• WebPack: will read the webpack configuration file, which is webpack.config.js per default. There are no enforced limitation for the config, anything JS goes. However note: the output directory will have to be ./dist by our convention. All files in the output directory will be published to BFFS.

  • NPM: will read the package.json for the build script ( and build the output via the command npm run build. However note: the output directory will have to be ./dist by our convention. All files in the output directory will be published to BFFS.

Identification of build system type

Specify a build system in package.json with the build keyword or use any of the following terms in the keywords:

  1. ES6 transpilation: es2017, es2016, es2015, es6
  2. WebPack: webpack
  3. Browserify: browserify

Alternatively specifying the build system name on the package.json with the relative path to the configuration file will also classify the build system, for example: webpack: '/path/to/config.js'.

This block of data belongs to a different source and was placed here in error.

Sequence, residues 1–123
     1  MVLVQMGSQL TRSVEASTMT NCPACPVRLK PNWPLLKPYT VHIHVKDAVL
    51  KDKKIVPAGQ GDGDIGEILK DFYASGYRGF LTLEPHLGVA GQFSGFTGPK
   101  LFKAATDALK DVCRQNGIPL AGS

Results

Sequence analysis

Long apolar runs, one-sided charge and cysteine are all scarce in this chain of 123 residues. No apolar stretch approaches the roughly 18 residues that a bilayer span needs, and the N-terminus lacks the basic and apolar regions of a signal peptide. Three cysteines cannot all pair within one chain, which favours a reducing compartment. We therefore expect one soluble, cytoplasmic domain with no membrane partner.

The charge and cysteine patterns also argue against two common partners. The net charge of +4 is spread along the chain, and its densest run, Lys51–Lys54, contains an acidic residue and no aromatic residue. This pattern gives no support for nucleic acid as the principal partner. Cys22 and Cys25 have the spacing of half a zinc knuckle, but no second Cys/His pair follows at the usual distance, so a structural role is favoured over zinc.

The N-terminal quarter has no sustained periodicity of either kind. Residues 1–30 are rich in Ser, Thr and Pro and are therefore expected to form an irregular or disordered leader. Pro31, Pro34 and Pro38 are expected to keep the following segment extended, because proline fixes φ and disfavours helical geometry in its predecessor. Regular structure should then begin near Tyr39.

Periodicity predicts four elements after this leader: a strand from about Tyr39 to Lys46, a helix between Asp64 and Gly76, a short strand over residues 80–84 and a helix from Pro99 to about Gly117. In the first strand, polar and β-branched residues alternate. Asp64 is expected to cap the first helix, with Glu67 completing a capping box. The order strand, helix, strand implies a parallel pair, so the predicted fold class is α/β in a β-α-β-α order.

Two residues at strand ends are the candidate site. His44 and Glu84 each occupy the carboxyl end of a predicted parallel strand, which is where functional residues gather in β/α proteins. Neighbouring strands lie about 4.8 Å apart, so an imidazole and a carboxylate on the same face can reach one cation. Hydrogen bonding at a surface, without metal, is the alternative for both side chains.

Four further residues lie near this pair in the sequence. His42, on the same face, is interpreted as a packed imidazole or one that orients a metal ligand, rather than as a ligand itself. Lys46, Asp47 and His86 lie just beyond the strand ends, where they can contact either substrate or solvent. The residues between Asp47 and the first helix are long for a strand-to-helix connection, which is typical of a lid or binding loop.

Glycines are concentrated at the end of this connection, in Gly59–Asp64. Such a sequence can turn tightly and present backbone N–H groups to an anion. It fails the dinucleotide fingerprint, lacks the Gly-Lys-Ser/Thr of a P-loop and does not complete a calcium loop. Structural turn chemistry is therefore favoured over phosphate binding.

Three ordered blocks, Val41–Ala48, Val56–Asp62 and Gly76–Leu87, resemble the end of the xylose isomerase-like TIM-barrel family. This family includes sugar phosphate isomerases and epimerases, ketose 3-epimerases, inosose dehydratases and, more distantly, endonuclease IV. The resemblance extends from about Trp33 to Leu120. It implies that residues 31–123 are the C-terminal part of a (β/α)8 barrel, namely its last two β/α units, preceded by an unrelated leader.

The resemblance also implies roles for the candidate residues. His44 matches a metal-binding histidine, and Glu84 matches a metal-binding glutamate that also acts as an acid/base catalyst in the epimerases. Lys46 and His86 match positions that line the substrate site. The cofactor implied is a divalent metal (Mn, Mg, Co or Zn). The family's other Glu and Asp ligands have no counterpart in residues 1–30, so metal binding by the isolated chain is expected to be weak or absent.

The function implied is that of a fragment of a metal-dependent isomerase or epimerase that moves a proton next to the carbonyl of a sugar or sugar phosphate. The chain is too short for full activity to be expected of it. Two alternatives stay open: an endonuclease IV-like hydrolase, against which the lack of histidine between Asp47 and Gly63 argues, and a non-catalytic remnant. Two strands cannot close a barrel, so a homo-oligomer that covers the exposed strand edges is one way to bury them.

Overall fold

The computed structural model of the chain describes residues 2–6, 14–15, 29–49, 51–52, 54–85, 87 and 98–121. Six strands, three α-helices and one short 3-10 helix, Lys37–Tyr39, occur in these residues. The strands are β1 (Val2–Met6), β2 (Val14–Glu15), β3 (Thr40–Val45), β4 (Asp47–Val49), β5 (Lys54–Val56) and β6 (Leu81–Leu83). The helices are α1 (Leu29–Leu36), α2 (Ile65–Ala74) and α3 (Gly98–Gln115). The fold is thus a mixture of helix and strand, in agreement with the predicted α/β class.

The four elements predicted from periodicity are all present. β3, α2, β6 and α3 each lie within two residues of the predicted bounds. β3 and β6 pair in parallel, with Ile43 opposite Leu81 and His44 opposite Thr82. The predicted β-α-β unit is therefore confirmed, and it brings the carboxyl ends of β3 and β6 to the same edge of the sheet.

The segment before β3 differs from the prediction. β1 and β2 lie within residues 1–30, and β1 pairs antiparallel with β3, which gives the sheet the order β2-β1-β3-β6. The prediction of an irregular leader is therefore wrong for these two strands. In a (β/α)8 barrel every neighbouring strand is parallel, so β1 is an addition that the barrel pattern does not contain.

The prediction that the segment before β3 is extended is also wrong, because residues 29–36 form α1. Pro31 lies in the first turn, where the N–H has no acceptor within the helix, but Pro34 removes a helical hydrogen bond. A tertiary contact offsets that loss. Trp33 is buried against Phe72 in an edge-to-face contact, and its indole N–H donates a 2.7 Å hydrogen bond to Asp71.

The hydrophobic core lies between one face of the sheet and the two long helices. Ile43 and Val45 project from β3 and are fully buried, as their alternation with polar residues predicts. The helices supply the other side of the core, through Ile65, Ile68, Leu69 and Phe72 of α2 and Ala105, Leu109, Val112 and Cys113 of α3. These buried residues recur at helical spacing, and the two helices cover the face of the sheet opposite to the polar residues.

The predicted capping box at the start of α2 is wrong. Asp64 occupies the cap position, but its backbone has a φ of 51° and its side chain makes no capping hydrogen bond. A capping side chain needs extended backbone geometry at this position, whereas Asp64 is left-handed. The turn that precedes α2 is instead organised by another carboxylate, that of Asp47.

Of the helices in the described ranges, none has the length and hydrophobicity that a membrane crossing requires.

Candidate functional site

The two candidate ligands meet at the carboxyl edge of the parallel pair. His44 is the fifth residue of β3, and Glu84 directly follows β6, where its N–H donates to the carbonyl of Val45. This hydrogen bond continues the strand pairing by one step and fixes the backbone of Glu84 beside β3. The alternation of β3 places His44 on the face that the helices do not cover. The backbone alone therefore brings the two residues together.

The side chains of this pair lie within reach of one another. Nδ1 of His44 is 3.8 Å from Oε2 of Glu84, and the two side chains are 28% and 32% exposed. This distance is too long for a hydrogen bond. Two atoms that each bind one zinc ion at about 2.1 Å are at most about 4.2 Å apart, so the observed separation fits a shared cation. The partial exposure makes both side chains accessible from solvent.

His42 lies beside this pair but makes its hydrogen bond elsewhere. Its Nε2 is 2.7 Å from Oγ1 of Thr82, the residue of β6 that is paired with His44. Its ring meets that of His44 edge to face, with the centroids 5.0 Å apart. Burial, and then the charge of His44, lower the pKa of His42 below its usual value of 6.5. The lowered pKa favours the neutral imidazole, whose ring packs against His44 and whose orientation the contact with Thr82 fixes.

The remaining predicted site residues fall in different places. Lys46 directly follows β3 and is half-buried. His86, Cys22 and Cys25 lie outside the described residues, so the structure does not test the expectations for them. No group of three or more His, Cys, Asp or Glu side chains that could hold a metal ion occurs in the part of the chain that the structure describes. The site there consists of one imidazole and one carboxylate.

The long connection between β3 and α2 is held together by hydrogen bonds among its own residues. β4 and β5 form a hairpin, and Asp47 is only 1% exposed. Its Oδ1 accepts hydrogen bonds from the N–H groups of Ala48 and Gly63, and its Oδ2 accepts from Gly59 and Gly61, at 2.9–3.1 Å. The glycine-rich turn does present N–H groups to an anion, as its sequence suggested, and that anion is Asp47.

Forcefully ignore builds

If a published package should not run any builds at all, provide a build: false flag in the package.json.

  "name": "package",
  "version": "1.0.0",
  "build": false,

Note: the module/package can also be published directly to artifactory. However, if you want to ensure dependants are build whenever your module is publishedthis flag can be useful.


git clone
npm install


Make sure BFFS has a Redis server to run against. Development, staging and test configurations assume this instance is available on the localhost. Without a running redis server builds will not be stored.

npm start
Starting Redis

Redis on OSX has to be manually installed and can be started with the following command.



Running the tests will require a running cassandra instance on your local machine and Redis will have to be running.

npm test


Each environment specifies a different set of default options for the builder. For instance which registry to run npm install against. Each build instance has a maximum runtime of 15 minutes. This value can be changed in the configuration.

Per build specifications